I spent two weeks in California just as the weather was changing in Washington. That was not a smart idea. It’s freezing in Seattle. All I want is summer back. While I’m overheating the house (and refusing to adjust my temperature expectations), I came up with a smelly idea to help me let go of summer. This also will make a lovely holiday decoration come December.
Early this past summer, I pressed a ton of wildflowers. I also inherited the compulsion from my mother to dry all my bouquets. When they start wilting, I hang all my flower bouquets upside down for a few weeks–high enough to be out of the range of the cat. Hot, dry summers are the ideal weather for flower drying. I had no idea what I was going to do with them. Thankfully, the whole potpourri idea dawned on me.
If you aren’t a flower packrat like me, you can drop a hint to your husband that you’d like a fresh bouquet, go around the neighborhood collecting tree blossoms and foliage to press, or request some clippings from your neighbor’s garden. Garden flowers are just going to rot and fall off anyway. But honestly, if you don’t have a wildflower obsession, I suggest you cultivate one.
Flowers–pressed or dried–are just the base of potpourri. Almost anything can be used to add texture and aesthetic. This is where the ‘summer adventures’ part comes in. I used rocks from a family outing, pinecones from my California trip, and feathers from a walk on the beach. More options are dried fruit peels or slices, dried leaves, cinnamon sticks, sticks in general (especially of sweet-smelling wood), bark, seed pods, nut shells, and dried herbs or grasses.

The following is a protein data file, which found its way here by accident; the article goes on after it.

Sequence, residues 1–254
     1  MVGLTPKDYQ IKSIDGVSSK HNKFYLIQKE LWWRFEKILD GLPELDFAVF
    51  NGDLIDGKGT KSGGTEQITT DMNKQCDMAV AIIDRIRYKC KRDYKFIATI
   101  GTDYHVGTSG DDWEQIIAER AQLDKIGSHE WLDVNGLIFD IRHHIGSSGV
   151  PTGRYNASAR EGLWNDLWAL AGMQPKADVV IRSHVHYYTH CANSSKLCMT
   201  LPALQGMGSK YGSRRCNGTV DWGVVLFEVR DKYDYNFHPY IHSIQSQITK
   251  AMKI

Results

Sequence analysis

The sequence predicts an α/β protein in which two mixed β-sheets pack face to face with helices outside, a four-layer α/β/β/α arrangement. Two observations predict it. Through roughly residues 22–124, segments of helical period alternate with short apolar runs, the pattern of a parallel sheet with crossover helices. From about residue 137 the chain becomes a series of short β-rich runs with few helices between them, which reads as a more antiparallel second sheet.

Although the primary ingredients are fragrant, the backbone of potpourri scent is essential oil. You can go to your local grocery store and choose what smells best, or you can choose essential oil based on their health and mood-affecting properties. I recommend everyone stock a good aromatherapy guide in the home, just like a first aid guide. I put together an anti-anxiety combination while referring to mine. Let’s face it–the holidays are coming soon. We could all use a little calming aroma in our lives.
Volatile essential oil can evaporate over hours or day. To preserve and bind the scent you need a fixative. There are a host binder options, from ingredients that require a trip to the store to your kitchen spices to less volatile essential oils. I raided the kitchen because pulling out a guidebook was enough work for the day. Gently mix all your ingredients together and then seal in a container for 4-6 weeks. Leave sealed longer if you want the scent to be strong enough for a larger room.
Arrange the result in a basket or vase, sit back, and be surprised how impressed people are with homemade potpourri. It also makes an excellent gift (and mesh baggies make excellent party favors), but you probably don’t want to part with your summer mementos when making gift potpourri. Better start collecting bits of autumn nature for Christmas. Down the block, my neighbor’s tree is dropping chestnuts.